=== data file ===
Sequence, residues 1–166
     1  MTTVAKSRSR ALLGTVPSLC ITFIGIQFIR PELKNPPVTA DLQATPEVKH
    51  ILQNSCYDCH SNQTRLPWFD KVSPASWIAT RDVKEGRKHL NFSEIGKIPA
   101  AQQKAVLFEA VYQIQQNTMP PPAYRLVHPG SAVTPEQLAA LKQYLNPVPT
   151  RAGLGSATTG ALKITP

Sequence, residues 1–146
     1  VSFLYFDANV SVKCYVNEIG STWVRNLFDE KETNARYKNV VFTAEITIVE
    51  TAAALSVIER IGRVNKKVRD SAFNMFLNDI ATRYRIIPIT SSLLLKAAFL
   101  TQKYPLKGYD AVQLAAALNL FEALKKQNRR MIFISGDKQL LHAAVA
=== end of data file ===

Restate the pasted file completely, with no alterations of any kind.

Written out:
Sequence, residues 1–166
     1  MTTVAKSRSR ALLGTVPSLC ITFIGIQFIR PELKNPPVTA DLQATPEVKH
    51  ILQNSCYDCH SNQTRLPWFD KVSPASWIAT RDVKEGRKHL NFSEIGKIPA
   101  AQQKAVLFEA VYQIQQNTMP PPAYRLVHPG SAVTPEQLAA LKQYLNPVPT
   151  RAGLGSATTG ALKITP

Sequence, residues 1–146
     1  VSFLYFDANV SVKCYVNEIG STWVRNLFDE KETNARYKNV VFTAEITIVE
    51  TAAALSVIER IGRVNKKVRD SAFNMFLNDI ATRYRIIPIT SSLLLKAAFL
   101  TQKYPLKGYD AVQLAAALNL FEALKKQNRR MIFISGDKQL LHAAVA